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Me, I spent most of the cold and showery day down below painting the floor plates in the engine room.

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Surfacing only briefly to catch the odd rainbow or two, this one just over Suisnish hill on Raasay with a fainter one just visible by the ships bell.

Another dead Fuji

Saturday promised to be a bonny day, and it certainly looked that way when I headed south for work,

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and it was by far the brightest morning of the year so far. The reflected sunshine in the waning crescent moon over the Sithean Mor making it seem like 7:30 and not 6:30.

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It wasn’t all sunshine though, for every time I started painting topsides a shower would arrive 😦

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Still the attendant rainbows were some consolation for the spotty paintwork 🙂

Saturday also saw me posting off dead Fuji number seven!!!!!! Now nobody can accuse me of not giving Fuji a fair crack at the whip in the camera department for I have had seven of them and five of them were new. The one thing that they have all had in common, apart from an easy to use menu is that not one of them has gone the full twelve months without dying.

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Now I’m not going to pretend that I’m a saint when it comes to my cameras because I’m not, I take my ‘pocket camera’ everywhere and take thousands of images. However a pocket camera should be capable of staying in your pocket and these clearly aren’t as I’ve lost count of the number of LCD screens I’ve trashed. Of course the screen is not covered by the warranty if it’s damaged but these Fuji screens break if you breath on them after eating garlic. This particular JX200 has managed to function for almost seven months without any major breakdowns, well I say major, the lens shutter failed at three weeks, all the graphics off the thumbwheel have worn off and the battery no longer holds its charge but it did still work and take pictures. OK the pictures were cr4p because the lens was dirty cos the shutter didn’t close and I was often on the wrong setting because there were no graphics on the controls but it did work. It worked until the other night when it fell out of my trousers as I sat on the loo, the slight knock as it fell 18” onto the tiled floor proving too much for its Chinese body 🙂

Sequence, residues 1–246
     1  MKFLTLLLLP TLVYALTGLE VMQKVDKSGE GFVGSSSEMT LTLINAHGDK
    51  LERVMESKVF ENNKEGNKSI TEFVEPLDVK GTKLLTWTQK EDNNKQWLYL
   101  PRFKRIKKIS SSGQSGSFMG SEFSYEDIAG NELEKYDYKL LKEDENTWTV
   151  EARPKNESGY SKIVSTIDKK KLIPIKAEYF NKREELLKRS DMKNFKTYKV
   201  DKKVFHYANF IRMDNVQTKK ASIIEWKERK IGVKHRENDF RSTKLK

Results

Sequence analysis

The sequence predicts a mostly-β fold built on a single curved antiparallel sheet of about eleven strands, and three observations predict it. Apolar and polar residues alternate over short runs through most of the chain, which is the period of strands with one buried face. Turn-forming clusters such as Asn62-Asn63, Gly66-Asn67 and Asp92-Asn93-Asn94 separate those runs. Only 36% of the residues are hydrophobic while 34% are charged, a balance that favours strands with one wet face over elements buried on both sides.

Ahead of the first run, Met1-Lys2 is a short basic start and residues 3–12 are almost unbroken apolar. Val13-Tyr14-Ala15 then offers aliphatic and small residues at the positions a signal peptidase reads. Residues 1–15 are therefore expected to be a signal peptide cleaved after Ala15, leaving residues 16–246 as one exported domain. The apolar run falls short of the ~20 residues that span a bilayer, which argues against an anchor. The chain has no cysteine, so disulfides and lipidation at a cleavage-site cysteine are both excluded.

Now I’m sure there are hundreds of you out there that have had no problems whatsoever with the Fuji that comes out of its padded bag to take the odd holiday snap. I am sure that Fuji have at some point made a good camera, it’s just that I’ve never found it 😦 Contrast that with my Panasonic DMC FZ 38 that bounced out of the quad, fell in a bog and then got run over by the back wheel a few weeks ago, the one I’m using now, the one that was built in Japan 🙂

Sunday